What needs to be done, is for Grand Lodges (and their subordinate lodges), to examine what is causing their lodges to shrink, and to examine what the Grand Lodges which are experiencing growth are doing, and make the necessary policy adjustments.
     
  8. Huw

    Huw Guest

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    Hi Charles.

    Well, probably. BUT the experience of some of the GLs over here in Europe (not mine, I hasten to add!) is a warning: some of them went all-out to boost numbers, and now they've suddenly got a lot of problems and a lot of accusations of declining standards. Of course you need to look into the causes of your falling numbers, but I hope you won't let concern over the numbers panic you into lowering the standards for petitioners, as seems to have happened elsewhere. Better one Lodge of fine Masons than two Lodges full of crooks!

    T & F,

    Huw
     
  9. Brent Heilman

    Brent Heilman Premium Member

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    Very wise words Brother! I couldn't agree more.
     
  10. Ashlar

    Ashlar Registered User

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    It is not rocket science , The cause of declining numbers (with a few exceptions) is very easy to figure out . All those WWII vets who flooded into our lodges in the 50's and 60's are now dying off . It is as simple as that . All the local lodges in my area average 4 or 5 suspensions for non-payment of dues a year , most all are EAs' who are to lazy to put in the work as to put their catechism to memory and they are usually replaced with new petitions rather quickly . Most of the loss comes from all these older gentlemen passing on .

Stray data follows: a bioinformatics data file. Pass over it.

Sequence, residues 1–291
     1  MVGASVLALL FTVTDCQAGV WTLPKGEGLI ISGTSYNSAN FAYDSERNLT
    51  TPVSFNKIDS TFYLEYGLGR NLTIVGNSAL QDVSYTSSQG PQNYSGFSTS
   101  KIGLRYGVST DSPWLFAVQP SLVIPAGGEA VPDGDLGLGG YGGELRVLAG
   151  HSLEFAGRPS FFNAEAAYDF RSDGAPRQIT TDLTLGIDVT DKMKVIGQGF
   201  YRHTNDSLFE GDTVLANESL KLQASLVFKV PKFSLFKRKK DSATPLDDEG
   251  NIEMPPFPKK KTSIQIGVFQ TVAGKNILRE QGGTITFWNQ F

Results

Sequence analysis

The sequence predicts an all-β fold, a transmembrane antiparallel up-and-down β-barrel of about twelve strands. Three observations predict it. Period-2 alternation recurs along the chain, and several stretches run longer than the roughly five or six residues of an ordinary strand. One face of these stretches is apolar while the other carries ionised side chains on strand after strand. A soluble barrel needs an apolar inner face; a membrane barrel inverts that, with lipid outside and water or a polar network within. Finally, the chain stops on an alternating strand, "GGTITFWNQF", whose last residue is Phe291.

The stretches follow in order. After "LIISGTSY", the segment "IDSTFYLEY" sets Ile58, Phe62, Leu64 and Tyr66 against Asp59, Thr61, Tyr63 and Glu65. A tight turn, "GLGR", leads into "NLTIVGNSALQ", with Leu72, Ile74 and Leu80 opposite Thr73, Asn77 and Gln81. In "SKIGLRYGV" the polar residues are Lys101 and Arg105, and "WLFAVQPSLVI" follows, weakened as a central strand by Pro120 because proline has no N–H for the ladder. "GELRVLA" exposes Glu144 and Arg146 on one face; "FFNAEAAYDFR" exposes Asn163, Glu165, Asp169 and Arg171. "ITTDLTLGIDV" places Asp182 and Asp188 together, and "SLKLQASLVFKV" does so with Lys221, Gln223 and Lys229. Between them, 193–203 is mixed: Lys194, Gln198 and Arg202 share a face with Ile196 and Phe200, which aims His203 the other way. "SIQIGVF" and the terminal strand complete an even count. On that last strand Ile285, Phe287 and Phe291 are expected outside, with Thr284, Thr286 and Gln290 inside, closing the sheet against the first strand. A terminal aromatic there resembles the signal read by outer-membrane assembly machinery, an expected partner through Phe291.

11. Huw

    Huw Guest

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    Are you sure it's that simple, Ashlar?

    Here in England, the bulk of our WWII vet generation died off a few years ago, and of course that did cause a significant loss of membership at that time. Here, however, there aren't many of them left now, so their passing isn't now causing so much of a decline. Even the youngest WWII vets would be well into their 80s by now, and the bulk of vets surely ought to be about 90 by now. Most of our vets didn't make it to 90, so most of them died a few years back (although of course we still have a few old heroes soldiering on). Is life expectancy over there that much longer than over here?

    T & F,

    Huw
     
  12. WarriorProphet

    WarriorProphet Registered User

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    Some of the "loss" is actually one of two things, improved reporting and endowed members, both for the same reason. Thse reports are pulled in the simplest manor, number of per capita dues collected. In this manor people who pay per capitas at multiple lodges within or across grand lodges could be counted multiple times in the past, but many grand lodges, once digitized have eliminated that issue atleast among their own jurisdiction. Also, in many jurisdictions endowed members, 50 year masons, and the like do not pay per capita dues.

    This has been acused o asmuch as doubling Texas' reporting in the past, and the difference between per capita dues paid and active mason could even cause as big a difference as Kentucky would seem to show.